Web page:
Language Industry as an Auxiliary Discipline to Life Sciences

Ciklopea 3 years ago Comment

The massive amount of life sciences texts being translated to almost every written language of the world every day is essentially an active exchange of information on the cutting-edge life sciences products, procedures and development that are constantly widening the lexical stock of the target languages and thus make a valuable contribution to the scientific arenas of the target territories.

Language Industry as an Auxiliary Discipline to Life Sciences | Ciklopea

In this day and age when every major life sciences company is heavily localizing its business and when healthcare and pharmaceutical products and services are among the most sought-after worldwide, the role of Language Services Providers is extending to much more than their usual activities of bridging the linguistic and cultural gaps between the industries and their audiences on the foreign markets.

Active Role in Exchange of Information

The massive amount of life sciences materials being translated to almost every written language of the world on a daily basis essentially represent an active exchange of information on the cutting-edge life sciences products, procedures and development that are constantly widening the lexical stock of the target languages, making a valuable contribution to the scientific and business arenas of the target territories.

This is particularly true when we talk about the comparatively smaller languages whose existing lexical and lexicographical heritage may be limited. In these cases, a translation company does not act as a mere intermediary communicating the message of the life sciences industry to its local customers and clients, but it also becomes an invaluable assistant to the scientific and academic communities on the local market.

LSP does not act as a mere intermediary communicating the message of the life sciences industry to its local customers, but it also becomes a valuable assistant to the scientific and academic communities on the local market.

Life Sciences and Language

Life sciences materials include a wide range of structured documents oriented to scientists, healthcare professionals, regulatory agencies, clients and patients. Success of all medical and pharmaceutical scientific and business activities on the local markets also depends on the quality of translation, clarity of language and compliance of the translated material to the target culture, professional standards and local legal regulations.

For example, documents required by clinical studies such as Informed Consent Forms (ICFs), study protocols or the materials related to product launches such as Summaries of Product Characteristic (SPCs) or Patient Information Leaflets (PILs) are written in accordance with the set guidelines and need to be translated accordingly and this is where the LSPs provide their assistance to the benefit of all parties involved in a process.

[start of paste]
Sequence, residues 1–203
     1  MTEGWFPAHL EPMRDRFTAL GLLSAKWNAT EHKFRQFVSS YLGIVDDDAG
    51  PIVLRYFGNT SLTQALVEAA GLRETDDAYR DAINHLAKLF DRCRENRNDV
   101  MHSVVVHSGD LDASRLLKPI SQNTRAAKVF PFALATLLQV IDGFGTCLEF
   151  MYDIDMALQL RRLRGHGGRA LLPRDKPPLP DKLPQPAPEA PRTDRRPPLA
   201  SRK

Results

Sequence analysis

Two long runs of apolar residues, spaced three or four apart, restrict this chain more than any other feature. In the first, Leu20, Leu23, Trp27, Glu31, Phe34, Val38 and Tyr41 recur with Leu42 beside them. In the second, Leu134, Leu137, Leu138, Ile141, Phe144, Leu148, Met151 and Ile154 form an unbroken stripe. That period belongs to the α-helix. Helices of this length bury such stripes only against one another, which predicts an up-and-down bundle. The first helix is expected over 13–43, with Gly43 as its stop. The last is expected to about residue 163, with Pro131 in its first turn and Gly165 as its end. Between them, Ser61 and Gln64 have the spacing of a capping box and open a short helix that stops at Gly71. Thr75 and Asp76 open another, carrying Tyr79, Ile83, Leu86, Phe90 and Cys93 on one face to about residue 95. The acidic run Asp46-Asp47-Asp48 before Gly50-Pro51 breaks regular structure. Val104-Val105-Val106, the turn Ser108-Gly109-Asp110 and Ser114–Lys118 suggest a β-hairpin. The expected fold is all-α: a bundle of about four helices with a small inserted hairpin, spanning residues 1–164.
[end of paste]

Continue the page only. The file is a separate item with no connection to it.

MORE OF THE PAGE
An Auxiliary Discipline

Due to the importance of its role in medical and pharmaceutical activities on the local markets, translation industry can safely be regarded as a kind of an auxiliary discipline to the life sciences. Study and improvement of the quality of life is what gives the life sciences their collective name. Accurately and precisely communicated information on life sciences from one language to another is one of the prerequisites of their global success and its importance can never be emphasized enough.

Like This Article? Subscribe to Receive More Via Email

  • receive a digest with new articles
  • up to 2 emails a month

Comments

Related Articles

The Missing Piece In Translating Clinical Research Materials

6 months ago

That dreadful phrase bad translation has two distinct meanings – first, there is the obvious one, a text (or any other material) replete with errors in meaning, style, grammar and orthography and second, the more serious one, including delayed and cancelled product launches, loss of time, resources and energy and, most dreadful of them all, negative representation on a foreign market, which is also the price of a bad translation.

How to prevent it?

Continue reading

Trascreation for the Life Sciences: Why, When and How

9 months ago

Transcreation is most definitely not one of the things that spring to mind when we talk about the medical translation or localization of pharmaceutical materials. With all the seriousness of study protocols, summaries of product characteristics and correspondences with the regulatory bodies, we tend to forget that medical and pharmaceutical companies also need marketing solutions to propel their business and reach their customers and clients.

Continue reading

Medical Translation Challenges

11 months ago

The task of language professionals is essentially the same across industries and can always be summarized as helping companies and organizations communicate their messages to the target audiences, partners and clients. In this article we take a look at what medical translators need to know to make this communication possible in the vast and the diverse world of life sciences.

Continue reading